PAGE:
Last night, a very appropriate special was on PBS, entitled “Free or Equal”. This one-hour show took a look at Milton Friedman’s economics and, specifically, the series he hosted in 1980 called “Free to Choose”. For those that don’t know, Friedman was the economic advisor to Reagan and received the Nobel prize in 1976. He was a very smart man that influenced nations and individuals. In this special last night, the host, Johan Norberg, visited the places that Friedman had influenced in the 70s and 80s and took a look at what they are now. Honk Kong, Chile, and Estonia (directly, to name a few) have all benefited greatly from the free market capitalism that Friedman brought with him. In the case of Chile, the new freedoms in the marketplace directly translated to a yearning for more freedom in society and politics. Within a short time, the dictator, Augusto Pinochet, was forced to resign and a democratically-elected president took his place.

Hong Kong, however, met a different fate. Soon after Friedman’s work there, it fell under Chinese rule. Seeing the great prosperity by what was once a refuge town, the Chinese adopted a laissez faire attitude towards Hong Kong economically. Hong Kong was free to trade internationally without restriction, tariffs, and government interference. In turn, it would be silly to lobby or appeal to the government, as it held no control over the market.

Estonia was also a victory for the free market, as a poverty-ridden former-USSR state was transformed into the wealthiest country that resulted from that breakup.

So let’s back up a little..

Free market capitalism, by definition, is free from governmental interference. Trade is conducted locally, nationally, and internationally, without penalty or restriction. Competition becomes fierce and companies/individuals must rely on innovation, competitive pricing, or tremendous customer loyalty to succeed. Those who do, turn a profit. Those who don’t, lose money and have to refactor what they are doing. This naturally forces advancements in almost all business sectors and increases the demand of producers in a system. Costs go down and both the buyer and the seller, ultimately, win. Granted, that’s a simplified overview, but this is, after all, a blog.

Tying this in to OWS..

1) social/economic inequality. Friedman made a very keen observation that what some people (in this case, OWS-ers) want is an equal finish line.. this is a wrong mentality to have. The equality should be the starting line. He argues that in a system, freedom and equality are not necessarily one and the same. By its very definition, freedom will allow some to succeed and others to fail. Both those who fail and those who succeed have an incentive to win. In an “equal” (economically) system, there is no incentive to do anything, as the successes are split with the losses. You might ask.. “Doesn’t that sound like socialism?” Right you are, my friend. This is exactly the direction that a country takes when it’s leaders decided to start redistributing wealth.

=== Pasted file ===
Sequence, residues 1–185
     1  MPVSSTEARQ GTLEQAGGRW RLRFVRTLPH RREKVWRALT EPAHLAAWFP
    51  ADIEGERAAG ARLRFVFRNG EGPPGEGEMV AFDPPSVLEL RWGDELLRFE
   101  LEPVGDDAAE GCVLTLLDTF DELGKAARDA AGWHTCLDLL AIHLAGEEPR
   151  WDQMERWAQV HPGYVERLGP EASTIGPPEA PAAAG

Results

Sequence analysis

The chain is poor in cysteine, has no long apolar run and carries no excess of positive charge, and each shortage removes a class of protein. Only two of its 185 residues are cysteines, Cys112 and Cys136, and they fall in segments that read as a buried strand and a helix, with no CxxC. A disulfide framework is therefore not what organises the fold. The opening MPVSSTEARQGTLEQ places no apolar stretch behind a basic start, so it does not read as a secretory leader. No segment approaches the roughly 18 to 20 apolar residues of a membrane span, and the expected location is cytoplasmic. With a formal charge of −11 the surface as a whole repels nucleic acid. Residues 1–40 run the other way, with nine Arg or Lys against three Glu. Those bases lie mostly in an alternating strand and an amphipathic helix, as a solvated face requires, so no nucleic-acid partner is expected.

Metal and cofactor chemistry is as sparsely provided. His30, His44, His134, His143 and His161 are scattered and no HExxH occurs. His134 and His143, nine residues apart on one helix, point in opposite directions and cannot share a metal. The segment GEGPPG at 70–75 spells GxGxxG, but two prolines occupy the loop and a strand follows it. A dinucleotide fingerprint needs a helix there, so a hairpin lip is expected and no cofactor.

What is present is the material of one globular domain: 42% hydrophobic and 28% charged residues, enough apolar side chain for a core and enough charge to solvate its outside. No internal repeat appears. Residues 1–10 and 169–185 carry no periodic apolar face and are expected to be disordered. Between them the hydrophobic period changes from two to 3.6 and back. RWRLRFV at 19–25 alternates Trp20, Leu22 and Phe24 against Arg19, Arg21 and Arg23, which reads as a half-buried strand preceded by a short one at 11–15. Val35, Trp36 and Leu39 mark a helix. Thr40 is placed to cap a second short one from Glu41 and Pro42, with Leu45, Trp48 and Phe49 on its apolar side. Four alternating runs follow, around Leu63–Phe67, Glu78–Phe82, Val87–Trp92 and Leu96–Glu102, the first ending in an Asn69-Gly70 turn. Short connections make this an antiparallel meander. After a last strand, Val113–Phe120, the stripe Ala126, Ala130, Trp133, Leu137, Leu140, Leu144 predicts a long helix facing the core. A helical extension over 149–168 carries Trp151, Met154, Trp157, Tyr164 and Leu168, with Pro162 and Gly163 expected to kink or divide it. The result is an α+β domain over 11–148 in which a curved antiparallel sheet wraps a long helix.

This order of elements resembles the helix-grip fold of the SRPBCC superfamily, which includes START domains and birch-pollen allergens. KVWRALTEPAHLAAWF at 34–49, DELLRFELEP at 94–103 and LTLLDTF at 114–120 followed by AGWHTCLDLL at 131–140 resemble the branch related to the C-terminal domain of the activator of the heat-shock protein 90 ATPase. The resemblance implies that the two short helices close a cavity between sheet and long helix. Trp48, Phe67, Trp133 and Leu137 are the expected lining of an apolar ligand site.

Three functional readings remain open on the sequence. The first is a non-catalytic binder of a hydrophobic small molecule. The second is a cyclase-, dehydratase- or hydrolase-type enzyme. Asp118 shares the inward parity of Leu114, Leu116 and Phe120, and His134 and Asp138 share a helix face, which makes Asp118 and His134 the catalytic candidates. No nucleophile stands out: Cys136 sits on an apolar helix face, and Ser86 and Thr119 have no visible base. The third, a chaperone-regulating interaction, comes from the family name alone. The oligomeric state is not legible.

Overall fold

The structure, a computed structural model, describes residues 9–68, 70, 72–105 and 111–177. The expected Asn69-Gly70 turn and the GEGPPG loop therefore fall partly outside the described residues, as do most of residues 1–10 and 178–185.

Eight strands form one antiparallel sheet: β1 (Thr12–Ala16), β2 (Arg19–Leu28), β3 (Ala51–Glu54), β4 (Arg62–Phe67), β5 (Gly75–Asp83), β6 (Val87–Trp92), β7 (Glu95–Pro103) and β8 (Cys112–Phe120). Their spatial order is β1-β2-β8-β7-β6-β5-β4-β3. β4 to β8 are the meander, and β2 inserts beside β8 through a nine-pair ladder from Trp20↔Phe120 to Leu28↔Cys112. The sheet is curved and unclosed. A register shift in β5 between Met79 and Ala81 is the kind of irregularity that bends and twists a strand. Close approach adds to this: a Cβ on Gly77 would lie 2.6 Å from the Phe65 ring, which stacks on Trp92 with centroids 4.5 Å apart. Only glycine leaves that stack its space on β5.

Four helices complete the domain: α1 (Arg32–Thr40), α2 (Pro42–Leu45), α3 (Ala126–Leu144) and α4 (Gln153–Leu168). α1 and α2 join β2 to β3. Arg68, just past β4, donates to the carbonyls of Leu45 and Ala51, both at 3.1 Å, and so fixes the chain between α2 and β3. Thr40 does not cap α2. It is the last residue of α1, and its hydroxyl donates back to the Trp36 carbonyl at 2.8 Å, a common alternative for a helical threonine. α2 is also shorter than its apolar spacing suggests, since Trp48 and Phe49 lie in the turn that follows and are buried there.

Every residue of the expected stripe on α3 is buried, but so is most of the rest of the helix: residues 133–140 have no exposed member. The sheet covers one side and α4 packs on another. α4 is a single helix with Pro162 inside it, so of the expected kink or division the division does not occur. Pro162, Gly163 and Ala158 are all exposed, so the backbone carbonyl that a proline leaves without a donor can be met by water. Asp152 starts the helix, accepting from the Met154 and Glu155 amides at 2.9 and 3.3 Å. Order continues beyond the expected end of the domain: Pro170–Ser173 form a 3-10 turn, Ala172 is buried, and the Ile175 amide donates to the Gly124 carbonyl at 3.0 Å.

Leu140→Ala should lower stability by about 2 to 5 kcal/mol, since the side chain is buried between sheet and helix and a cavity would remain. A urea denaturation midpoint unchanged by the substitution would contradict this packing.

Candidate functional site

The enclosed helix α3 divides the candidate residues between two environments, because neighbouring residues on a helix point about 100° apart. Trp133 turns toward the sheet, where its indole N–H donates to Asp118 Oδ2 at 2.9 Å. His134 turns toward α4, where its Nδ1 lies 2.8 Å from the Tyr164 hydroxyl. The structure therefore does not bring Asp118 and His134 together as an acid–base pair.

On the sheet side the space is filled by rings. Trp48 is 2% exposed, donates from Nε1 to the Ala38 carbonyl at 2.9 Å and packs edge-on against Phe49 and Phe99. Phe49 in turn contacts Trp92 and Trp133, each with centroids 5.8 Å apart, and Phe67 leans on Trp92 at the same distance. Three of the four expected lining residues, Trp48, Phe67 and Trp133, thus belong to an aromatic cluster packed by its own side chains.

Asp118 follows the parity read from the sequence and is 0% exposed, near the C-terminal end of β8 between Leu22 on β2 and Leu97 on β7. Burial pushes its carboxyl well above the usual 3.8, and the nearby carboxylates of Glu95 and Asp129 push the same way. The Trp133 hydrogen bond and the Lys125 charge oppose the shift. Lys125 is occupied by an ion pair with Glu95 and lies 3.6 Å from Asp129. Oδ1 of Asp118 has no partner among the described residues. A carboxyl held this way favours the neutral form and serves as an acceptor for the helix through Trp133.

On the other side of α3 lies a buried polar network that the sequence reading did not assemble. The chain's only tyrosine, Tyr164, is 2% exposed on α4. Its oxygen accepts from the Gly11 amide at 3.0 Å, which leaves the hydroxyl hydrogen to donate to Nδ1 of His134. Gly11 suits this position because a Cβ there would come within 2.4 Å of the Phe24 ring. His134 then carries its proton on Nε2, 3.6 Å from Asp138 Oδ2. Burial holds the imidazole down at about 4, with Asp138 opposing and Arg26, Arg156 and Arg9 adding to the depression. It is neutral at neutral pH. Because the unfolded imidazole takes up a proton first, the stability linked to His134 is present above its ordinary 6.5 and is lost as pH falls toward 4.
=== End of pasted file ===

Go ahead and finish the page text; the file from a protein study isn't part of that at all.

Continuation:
2) corporate greed. If a company makes money, it has the right to spend it how it wills. Breaking the down a little bit– if the owner of a company decides to take a massive paycheck at the expense of his workers, that is his/her prerogative. Employees are free to leave and work for a different company and, before long, that first company will drown by the owner’s own greed. The successful company will be one that balances and moderates itself. You and I should feel no claim to the profits any company claims unless that company is owned by us. How is demanding banks repay our loans for us any different then the greed they display themselves? If they are greedy, so be it. If it’s their money, they have a right to it.

3) political influence. If you remember back to the example of Hong Kong, in a truly free market economy, the government has so say, so lobbying has no effect. Once government interferes with tariffs, subsidies, restrictions, subsidies, penalties, subsidies, taxes, subsidies, and employment meddling (gender/race quotas, etc), companies and industries are free to lobby for their benefit.

So you see..

By saying, in essence, “down with capitalism”, you’re making a stand against your own point. You rally against an economic philosophy that benefits everyone as a general populous, incentivizes everyone to succeed by their own hands, and increases quality of life… the very economic philosophy that eradicates the negatives you list..

What it Means to be King

Two hundred years ago, our forefathers hated, condemned, and swore off everything that the monarchy stood for. The rule by one person invariably leads to oppression, social classes, and the economic ruin of a nation. Kings ruled with iron fists, commanded their armies out to war, and taxed their citizens into poverty. The hostility of a king towards his rivals was matched only by his anger. The king used various ways to crush insurrection from his people.

Thankfully, future-king William will have none of these powers.

But our President does.

Let’s Just Get This Out Into The Open…

People are being stupid right now, so let’s just reiterate the facts and touch on some things we should take away from this (sources inline). Continue reading Let’s Just Get This Out Into The Open…

This Far and No Further!

**Warning: Due to the nature of this post, the links may include content that may not be suitable for all viewers. Use your discretion**

What started out as a series of posts on twitter has prompted me to write a blog post! You know things are srs when a blog post is produced!

The Issue

Words cannot express how outraged I am at the TSA’s actions over the past few weeks- the government sexually assaulting young and old, and most disappointingly, the president behind it all, condoning and encouraging these actions. Continue reading This Far and No Further!